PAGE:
Understanding The Future of Work
TFOW panel series
By Marijn Driessen
Bs;bp continues to take the lead in starting joined conversations in the workspace sector. An example of how we do this is our TFOW Panel series, conceived when the pandemic was just emerging and everything was uncertain. We designed a journey of structured discussions on the future of work for stakeholders in design projects for the built environment.
Steelcase, KPMG, Uppig, Circle Economy, Hyphen, BNP Parisbas Real Estate, University of Lisboa, Imagebuilders, IWG, Spaces, Kvadrat, Vitra, facilitylinQ, Lensvelt, The brand tailors, Frame, Rubio, Rabobank, Bemari, .Day, HOT, Cairn, ZZDP
In the past decade bs;bp has developed a strong reputation in workplace design. That is why we came up with the idea of starting a The Future Of Work Panel in April 2020. It was a time when the world became highly aware that certainties were being replaced by questions and ambiguity, including, where and how people work.
Because bs;bp believes in the power of joined-up action and a holistic approach, we invited diverse perspectives across the value chain of the built environment. The panels are highly interactive with joined challenges and break-out assignments.
Each of the participants brings an expert view to the discovery sessions, including investors, developers, operators, architect, interior designers, furniture brands and manufacturers. Our shared intention is to discover opportunities and deliver better workplaces for business, people and planet.
1. Introducing TFOW
The first panel was inspired by Professor Lynda Gratton of London Business School. She was among the first to start the conversation about the The Future of Work, long before the Covid pandemic popularised the term.
2. Reimagining the workplace
In the second panel we asked ourselves what design choices are key to making the workplaces more resilient to uncertainties like the corona virus.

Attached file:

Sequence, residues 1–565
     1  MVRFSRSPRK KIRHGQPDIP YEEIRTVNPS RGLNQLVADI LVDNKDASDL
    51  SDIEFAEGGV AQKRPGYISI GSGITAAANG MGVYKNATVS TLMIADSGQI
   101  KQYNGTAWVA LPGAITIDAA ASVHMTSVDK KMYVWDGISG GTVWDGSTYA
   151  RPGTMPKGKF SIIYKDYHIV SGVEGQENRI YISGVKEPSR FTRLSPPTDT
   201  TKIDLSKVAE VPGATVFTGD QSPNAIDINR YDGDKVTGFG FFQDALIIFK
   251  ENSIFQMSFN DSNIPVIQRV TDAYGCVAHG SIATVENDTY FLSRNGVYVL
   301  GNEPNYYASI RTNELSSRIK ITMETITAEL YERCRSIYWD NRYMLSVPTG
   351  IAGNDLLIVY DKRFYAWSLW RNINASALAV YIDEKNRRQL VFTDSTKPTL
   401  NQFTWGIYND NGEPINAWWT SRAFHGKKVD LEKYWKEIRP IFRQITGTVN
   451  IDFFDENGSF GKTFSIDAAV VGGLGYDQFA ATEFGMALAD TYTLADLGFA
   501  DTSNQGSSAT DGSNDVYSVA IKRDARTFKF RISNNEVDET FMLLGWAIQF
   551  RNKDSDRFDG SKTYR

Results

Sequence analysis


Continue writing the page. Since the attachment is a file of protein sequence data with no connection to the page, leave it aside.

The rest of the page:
3. Buffer space
The ‘Buffer Floor’ is defined as an Adaptive Space in a connected Real Estate System that is managed as a single system with communicating vessels. It relies on flexible regulation from city governance and benefits from technology for smart buildings and mobility.
4. Abandoned innercity locations
Bs;bp’s innovative Open Desk concept inspired panel 4 on abandoned innercity locations. Open Desk was later shortlisted for the ARC21 Awards and our client IWG has rolled it out globally.
5. Flexible multi-purpose workspace
In panel 5 we tackled how to best transform existing space into adaptive workspace. Breakout teams looked at 6 different orginal functions: a restaurant, high street shop, a train station, a Starbucks coffee shop, a hotel and a library.
6. Vacant city-edge locations
How can design transform city-edge locations into attractive destinations for remote workers and what other functions can be realised to increase value?
7. Net-zero buildings
Inspired by case studies from CitizenM and The Gantry we asked participants how they might use a smarter type of construction to design a workplace that improves the circularity and attractiveness of the building.
8. Circular by-design
In collaboration with Circle Economy we reviewed Amsterdam’s adoption of the Doughnut Economics model. As designers we imagined the future of 2050 and asked ourselves what we would have done differently, looking back to 2020.
9. Reviving high streets
In light of the demise of brick and mortar retail and growing desire to work closer to home we looked at repurposing vacant retail with popup workspace.